Quantcast
Environmental News for a Healthier Planet and Life

Will the Arctic Be Ice-Free Within the Next Two Decades?

Climate
Will the Arctic Be Ice-Free Within the Next Two Decades?

By David Appell

When sea ice melts, the ocean loses its reflective surface and the dark water absorbs more heat.

“The Arctic is a region that's probably seen some of the most dramatic changes over the past few decades. And I think possibly one of the most iconic images is the decline in the Arctic sea ice." That's Kristina Pistone of the National Aeronautics and Space Administration's Ames Research Center. She said melting Arctic sea ice is not only a symptom of global warming, it's also an important contributor because of the “albedo effect."

Photo credit: NASA / Kathryn Hansen

“Albedo is basically the whiteness of something. So if you think about sea ice, it's very white, it's very bright and very reflective. It will reflect a lot of the sunlight that hits it back to space. And you can compare this to the ocean surface, which is a very dark surface, it absorbs a lot of the heat that hits it," she said.

So when Arctic sea ice melts, the underlying ocean water absorbs more of the sun's energy and heats up. That, in turn, melts more sea ice.

Since 1979, more than 600,000 square miles of winter sea ice has disappeared—an area more than twice as big as Texas.

Pistone said that rate of loss could lead to ice-free summers in the Arctic within the next two decades. Which would be tragic for local ecosystems, accelerate global warming and affect weather patterns worldwide.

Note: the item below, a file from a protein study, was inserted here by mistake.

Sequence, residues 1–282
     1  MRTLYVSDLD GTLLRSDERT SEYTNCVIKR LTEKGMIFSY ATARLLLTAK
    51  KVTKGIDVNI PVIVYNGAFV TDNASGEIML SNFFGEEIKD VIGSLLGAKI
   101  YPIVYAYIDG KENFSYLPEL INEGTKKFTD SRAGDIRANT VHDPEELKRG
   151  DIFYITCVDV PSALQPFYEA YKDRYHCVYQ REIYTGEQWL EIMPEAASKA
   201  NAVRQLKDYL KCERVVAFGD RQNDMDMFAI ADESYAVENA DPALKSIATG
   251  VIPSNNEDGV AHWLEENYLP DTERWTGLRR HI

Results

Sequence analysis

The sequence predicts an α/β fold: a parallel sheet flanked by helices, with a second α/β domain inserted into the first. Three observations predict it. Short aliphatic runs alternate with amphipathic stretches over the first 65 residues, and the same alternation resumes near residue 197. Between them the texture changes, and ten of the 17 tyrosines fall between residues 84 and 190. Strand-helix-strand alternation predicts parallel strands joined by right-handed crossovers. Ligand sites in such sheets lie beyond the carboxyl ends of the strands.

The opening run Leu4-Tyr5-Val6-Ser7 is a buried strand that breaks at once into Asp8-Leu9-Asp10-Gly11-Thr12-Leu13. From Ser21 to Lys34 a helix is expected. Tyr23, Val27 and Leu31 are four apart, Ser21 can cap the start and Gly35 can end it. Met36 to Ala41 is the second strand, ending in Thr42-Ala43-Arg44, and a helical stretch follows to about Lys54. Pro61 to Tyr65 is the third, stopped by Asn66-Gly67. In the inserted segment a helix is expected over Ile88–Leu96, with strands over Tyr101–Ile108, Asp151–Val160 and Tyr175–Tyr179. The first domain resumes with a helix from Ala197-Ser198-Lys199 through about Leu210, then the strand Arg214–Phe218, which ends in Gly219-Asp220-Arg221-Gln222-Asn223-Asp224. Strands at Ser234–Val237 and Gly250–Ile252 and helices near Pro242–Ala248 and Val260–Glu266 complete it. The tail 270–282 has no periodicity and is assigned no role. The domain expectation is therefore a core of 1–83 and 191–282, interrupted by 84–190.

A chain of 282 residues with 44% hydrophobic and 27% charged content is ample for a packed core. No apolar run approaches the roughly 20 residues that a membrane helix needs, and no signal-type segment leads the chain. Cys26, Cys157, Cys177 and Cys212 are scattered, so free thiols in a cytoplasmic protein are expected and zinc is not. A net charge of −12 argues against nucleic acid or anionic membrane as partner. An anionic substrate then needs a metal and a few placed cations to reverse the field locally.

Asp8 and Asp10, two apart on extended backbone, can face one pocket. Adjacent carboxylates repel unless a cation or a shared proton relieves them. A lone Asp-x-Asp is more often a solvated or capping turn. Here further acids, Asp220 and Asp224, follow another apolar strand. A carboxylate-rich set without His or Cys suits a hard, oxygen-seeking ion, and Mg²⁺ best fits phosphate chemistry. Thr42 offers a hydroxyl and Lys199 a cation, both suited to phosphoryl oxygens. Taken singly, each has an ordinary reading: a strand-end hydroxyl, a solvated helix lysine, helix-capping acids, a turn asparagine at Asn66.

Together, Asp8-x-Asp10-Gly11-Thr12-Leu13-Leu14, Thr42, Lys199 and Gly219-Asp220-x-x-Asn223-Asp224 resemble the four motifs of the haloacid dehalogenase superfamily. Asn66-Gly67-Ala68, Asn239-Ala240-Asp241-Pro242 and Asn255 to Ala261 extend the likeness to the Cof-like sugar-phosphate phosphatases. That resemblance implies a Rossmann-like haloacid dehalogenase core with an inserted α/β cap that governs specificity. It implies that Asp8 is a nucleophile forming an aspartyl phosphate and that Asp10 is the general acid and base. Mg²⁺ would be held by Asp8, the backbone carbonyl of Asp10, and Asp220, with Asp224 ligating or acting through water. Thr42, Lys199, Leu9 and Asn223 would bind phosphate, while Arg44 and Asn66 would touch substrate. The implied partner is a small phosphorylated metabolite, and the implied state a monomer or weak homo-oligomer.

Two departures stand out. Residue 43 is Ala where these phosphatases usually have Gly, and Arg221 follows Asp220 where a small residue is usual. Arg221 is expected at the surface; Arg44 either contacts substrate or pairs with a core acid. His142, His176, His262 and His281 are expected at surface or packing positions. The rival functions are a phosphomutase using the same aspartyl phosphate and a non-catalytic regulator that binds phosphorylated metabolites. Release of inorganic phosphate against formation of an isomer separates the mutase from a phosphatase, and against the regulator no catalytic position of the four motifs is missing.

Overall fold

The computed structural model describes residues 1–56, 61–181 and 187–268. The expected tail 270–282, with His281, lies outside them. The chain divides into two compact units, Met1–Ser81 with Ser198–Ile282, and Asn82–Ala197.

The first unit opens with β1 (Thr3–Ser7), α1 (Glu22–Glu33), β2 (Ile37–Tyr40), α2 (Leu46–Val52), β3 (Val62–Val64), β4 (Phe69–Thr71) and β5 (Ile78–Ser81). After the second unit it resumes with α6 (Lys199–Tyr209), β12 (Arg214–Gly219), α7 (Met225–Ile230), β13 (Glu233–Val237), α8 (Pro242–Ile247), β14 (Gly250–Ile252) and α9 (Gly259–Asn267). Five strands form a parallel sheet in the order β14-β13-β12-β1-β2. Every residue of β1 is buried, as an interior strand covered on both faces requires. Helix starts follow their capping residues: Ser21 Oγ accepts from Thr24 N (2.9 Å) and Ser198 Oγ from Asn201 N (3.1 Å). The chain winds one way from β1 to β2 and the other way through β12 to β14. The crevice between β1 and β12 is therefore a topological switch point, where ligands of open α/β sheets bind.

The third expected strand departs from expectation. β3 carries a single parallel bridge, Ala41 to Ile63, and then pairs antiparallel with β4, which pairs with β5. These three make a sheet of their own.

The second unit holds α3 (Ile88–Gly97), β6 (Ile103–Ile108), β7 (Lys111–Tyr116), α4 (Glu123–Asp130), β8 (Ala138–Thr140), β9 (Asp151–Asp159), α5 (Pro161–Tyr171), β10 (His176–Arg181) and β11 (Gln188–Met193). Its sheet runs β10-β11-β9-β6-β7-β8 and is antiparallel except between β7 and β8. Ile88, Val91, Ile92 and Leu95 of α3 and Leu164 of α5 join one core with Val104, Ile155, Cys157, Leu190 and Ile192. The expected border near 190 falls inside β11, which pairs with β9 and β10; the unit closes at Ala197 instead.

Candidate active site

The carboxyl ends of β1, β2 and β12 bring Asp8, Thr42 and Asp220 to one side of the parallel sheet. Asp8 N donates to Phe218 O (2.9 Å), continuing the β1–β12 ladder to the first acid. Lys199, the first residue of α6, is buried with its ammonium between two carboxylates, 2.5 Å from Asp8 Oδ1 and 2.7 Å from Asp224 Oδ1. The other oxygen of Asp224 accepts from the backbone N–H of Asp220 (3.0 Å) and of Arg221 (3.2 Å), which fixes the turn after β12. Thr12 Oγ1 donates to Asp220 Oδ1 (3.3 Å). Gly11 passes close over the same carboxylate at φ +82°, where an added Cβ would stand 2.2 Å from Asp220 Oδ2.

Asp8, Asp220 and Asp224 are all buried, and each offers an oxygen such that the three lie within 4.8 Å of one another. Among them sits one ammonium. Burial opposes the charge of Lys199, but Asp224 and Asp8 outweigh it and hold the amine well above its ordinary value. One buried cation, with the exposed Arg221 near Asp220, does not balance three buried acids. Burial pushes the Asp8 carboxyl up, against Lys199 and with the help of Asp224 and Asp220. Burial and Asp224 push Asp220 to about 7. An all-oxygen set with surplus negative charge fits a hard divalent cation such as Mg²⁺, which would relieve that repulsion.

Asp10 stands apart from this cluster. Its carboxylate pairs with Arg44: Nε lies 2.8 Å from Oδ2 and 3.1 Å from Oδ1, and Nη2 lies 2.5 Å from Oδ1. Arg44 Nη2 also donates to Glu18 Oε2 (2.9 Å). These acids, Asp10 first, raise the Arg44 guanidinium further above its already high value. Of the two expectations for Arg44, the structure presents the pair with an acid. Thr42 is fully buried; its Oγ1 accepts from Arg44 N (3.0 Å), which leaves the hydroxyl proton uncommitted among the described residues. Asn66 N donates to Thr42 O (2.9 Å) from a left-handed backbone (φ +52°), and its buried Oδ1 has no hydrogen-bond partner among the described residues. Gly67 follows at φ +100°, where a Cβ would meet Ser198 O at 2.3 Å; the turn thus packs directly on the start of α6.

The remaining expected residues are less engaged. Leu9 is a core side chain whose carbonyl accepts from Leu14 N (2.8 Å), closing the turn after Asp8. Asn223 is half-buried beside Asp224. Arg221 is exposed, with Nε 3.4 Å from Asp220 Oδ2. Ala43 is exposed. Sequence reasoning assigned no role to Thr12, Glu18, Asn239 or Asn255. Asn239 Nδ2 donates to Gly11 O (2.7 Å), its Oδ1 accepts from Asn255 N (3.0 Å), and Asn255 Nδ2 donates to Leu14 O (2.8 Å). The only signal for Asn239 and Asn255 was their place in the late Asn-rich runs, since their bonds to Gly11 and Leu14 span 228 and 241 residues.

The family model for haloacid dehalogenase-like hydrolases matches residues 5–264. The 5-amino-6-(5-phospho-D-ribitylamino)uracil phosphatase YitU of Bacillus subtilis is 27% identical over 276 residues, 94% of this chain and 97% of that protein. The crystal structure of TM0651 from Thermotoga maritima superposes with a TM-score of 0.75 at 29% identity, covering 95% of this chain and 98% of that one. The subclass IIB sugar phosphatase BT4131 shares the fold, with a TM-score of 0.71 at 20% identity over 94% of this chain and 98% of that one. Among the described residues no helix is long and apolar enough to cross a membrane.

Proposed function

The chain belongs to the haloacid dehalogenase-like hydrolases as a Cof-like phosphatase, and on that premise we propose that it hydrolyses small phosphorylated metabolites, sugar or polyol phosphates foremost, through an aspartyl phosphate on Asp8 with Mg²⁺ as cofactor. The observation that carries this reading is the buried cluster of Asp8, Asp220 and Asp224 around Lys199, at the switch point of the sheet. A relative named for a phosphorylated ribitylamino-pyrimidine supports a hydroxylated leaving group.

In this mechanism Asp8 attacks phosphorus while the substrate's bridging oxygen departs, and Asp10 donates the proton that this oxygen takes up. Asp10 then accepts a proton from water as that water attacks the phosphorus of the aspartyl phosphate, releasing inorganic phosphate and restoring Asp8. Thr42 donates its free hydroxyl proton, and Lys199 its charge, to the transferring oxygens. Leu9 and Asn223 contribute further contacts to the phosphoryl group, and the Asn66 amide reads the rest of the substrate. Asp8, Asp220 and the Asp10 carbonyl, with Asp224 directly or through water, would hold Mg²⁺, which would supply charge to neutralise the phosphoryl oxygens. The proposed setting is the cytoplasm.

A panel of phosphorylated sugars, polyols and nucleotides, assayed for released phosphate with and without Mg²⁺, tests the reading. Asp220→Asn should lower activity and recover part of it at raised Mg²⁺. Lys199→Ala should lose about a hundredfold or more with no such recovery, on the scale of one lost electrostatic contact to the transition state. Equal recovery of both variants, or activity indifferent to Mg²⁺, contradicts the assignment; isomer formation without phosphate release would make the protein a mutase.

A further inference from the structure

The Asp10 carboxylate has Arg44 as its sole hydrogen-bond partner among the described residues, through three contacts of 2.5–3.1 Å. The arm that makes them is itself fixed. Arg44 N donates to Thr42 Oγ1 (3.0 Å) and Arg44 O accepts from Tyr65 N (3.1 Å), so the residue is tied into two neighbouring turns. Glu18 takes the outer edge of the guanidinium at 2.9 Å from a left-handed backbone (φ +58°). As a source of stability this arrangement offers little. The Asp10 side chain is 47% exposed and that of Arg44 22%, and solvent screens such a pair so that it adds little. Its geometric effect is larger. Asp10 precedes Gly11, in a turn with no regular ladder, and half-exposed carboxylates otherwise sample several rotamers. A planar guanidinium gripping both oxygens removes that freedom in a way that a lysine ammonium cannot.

YOU MIGHT ALSO LIKE

Obama and Nordic Leaders Agree Economic Activity in Arctic Must Pass Climate Test

NASA: Last Month Was Warmest April Ever Recorded, Marking Seven Months of New Highs

Big Oil Abandons the Arctic, Obama Under Pressure to Do More to Protect the Region

Arctic Ice Melt Affects Weather Patterns All Over North Atlantic

A plane sprays pesticide over the Wynwood neighborhood in the hope of controlling and reducing the number of mosquitos, some of which may be capable of spreading the Zika virus on Aug. 6, 2016 in Miami, Florida. Joe Raedle / Getty Images

By Jessica Corbett

A national nonprofit revealed Tuesday that testing commissioned by the group as well as separate analysis conducted by Massachusetts officials show samples of an aerially sprayed pesticide used by the commonwealth and at least 25 other states to control mosquito-borne illnesses contain toxic substances that critics call "forever chemicals."

Read More Show Less

EcoWatch Daily Newsletter

Prime Minister Jacinda Ardern plants a tree as part of Trees That Count, a project to help New Zealand make a positive impact on climate change, on June 30, 2019 in Wellington, New Zealand. Hagen Hopkins / Getty Images

The government of New Zealand declared a climate emergency on Wednesday, a symbolic step recognizing the Intergovernmental Panel on Climate Change (IPCC) predictions of substantial global warming if emissions do not fall.

Read More Show Less

Trending

The youth-led Mock COP26 virtual conference concluded Tuesday with a treaty they hope world leaders will sign ahead of the official COP26 in November 2021.

Read More Show Less
Kids play on a flooded Arizona Avenue on October 4, 2015 in Atlantic City, New Jersey. Jessica Kourkounis / Getty Images

The threat to affordable housing from flooding driven by climate change will likely triple in the next 30 years, new research shows.

Read More Show Less
A view from Hollywood Hills over downtown Los Angeles. 35007 / E+ / Getty Images

By Kelley Dennings

It's time to talk about something that most of us have been reluctant to face: what to do about the intensifying connection between population gain and environmental loss. A growing body of research shows continued human population growth equates to accelerating species extinction.

Read More Show Less